We’ve built our work around the needs of communities experiencing sexual health and substance use-related disparities. When we hear the word “disparity,” we understand that to be the result of health injustice. These injustices are well-documented by the HIV and hepatitis C statistics published by local health departments and other publications.
Our efforts to prioritize specific communities are informed by these data, as well as our experiences as service providers and advocates, our organizational capacity and history, and — very importantly — what we learn every day from people in our communities.
We believe that centering these communities allows us to provide high quality care to anyone who comes through our doors.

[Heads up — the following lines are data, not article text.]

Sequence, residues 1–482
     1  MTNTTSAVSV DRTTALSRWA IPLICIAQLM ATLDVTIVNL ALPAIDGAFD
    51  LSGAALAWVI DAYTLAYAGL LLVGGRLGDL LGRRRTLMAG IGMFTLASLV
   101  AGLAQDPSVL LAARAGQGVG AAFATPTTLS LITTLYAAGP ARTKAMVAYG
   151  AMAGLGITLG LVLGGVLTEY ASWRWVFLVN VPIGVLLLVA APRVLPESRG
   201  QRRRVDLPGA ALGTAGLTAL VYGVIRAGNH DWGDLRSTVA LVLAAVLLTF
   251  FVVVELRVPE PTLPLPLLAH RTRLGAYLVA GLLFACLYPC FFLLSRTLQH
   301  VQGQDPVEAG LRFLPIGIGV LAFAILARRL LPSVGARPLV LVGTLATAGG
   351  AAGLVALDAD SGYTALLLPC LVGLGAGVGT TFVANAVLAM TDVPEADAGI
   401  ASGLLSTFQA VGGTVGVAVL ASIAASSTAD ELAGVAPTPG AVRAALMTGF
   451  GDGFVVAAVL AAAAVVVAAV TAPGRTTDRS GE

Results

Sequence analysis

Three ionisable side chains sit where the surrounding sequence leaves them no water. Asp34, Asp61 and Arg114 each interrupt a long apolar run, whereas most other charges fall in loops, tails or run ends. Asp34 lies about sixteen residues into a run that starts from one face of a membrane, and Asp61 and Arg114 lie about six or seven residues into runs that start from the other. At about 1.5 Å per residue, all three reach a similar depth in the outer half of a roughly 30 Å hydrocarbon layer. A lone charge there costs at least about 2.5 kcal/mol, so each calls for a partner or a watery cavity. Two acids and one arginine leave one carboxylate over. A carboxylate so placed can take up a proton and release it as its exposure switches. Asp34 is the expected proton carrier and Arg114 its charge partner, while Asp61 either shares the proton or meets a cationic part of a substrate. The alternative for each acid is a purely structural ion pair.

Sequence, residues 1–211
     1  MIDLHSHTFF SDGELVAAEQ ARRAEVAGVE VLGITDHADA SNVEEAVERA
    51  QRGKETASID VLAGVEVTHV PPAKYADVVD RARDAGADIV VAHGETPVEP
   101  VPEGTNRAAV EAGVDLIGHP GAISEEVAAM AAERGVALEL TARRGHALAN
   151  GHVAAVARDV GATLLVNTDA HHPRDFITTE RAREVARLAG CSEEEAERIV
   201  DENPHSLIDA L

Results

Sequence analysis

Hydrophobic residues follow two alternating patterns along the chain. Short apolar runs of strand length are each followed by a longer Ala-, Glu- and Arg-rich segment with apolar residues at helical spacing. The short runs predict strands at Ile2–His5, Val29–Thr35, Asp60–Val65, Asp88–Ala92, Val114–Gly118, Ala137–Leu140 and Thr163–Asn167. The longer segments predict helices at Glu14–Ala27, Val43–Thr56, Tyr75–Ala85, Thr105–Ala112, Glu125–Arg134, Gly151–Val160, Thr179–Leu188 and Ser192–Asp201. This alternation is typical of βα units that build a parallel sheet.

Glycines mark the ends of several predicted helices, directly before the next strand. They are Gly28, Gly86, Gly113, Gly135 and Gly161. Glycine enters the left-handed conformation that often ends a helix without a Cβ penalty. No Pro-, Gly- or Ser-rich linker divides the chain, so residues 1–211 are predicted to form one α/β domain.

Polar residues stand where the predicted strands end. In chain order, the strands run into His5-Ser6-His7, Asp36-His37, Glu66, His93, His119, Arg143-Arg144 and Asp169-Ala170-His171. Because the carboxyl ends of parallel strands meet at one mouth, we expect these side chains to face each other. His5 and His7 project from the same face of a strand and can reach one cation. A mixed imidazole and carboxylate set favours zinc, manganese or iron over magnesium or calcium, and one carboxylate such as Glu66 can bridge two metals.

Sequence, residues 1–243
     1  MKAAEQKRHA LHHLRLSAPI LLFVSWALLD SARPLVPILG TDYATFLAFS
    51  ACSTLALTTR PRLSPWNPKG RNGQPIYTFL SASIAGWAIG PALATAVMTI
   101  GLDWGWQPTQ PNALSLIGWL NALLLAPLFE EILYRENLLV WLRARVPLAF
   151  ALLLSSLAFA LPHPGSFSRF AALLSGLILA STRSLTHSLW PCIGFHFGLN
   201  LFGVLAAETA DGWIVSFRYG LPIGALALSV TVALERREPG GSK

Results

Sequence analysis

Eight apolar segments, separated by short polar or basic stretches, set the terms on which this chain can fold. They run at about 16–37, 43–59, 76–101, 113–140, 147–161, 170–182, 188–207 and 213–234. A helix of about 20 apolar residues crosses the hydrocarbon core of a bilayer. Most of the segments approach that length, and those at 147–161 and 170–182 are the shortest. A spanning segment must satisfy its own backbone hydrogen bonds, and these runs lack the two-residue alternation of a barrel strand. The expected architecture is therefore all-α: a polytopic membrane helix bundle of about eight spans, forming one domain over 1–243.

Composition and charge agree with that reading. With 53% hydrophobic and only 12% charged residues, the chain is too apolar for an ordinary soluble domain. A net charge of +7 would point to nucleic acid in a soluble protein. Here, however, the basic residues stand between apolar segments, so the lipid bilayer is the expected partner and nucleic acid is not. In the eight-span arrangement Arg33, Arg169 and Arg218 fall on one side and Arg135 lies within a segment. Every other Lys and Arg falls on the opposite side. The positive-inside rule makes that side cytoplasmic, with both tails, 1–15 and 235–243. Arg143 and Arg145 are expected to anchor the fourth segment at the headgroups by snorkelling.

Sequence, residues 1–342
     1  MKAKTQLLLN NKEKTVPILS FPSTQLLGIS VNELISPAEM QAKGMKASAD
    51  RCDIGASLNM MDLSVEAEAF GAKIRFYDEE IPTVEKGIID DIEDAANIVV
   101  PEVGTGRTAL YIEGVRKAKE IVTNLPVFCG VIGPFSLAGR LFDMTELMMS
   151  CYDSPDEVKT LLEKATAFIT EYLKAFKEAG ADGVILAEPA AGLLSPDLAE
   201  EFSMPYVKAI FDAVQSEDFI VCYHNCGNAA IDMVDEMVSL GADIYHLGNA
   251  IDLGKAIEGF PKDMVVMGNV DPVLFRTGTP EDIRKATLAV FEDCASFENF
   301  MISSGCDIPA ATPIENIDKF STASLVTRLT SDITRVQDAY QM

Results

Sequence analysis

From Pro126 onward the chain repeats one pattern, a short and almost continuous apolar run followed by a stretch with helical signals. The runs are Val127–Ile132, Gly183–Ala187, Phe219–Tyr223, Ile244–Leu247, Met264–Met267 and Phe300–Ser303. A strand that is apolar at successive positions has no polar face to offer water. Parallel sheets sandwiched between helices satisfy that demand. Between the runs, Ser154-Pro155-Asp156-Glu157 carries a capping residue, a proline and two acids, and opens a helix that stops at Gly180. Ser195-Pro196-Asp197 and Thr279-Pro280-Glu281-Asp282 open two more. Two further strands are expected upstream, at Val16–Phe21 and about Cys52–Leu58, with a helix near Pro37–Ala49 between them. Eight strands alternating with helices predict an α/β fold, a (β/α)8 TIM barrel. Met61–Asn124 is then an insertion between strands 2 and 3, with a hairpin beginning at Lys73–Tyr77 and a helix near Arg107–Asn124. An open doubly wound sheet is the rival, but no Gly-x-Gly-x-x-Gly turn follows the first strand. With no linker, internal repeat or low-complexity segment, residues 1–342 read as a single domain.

Our priority communities are:
- People living with HIV
- Gay, bi and queer men
- Trans and gender non-conforming people
- People who inject drugs
Within these communities, we further prioritize:
- People of color
- People experiencing homelessness and unstable housing
- People over age 50
- People living with hepatitis C
- People who use substances
- People with mental health care needs
We recognize that these communities are not mutually exclusive nor is this list exhaustive, as there are many intersections in our identities and experiences. For example, people with disabilities, undocumented immigrants, and people for whom English is not a native language intersect with every priority community. In addition, we support other communities through the work of our strategic partners.
We are committed to expanding how we define our priority communities to match shifting health disparities and to address shortcomings in health equity that exist or may emerge in the health care system.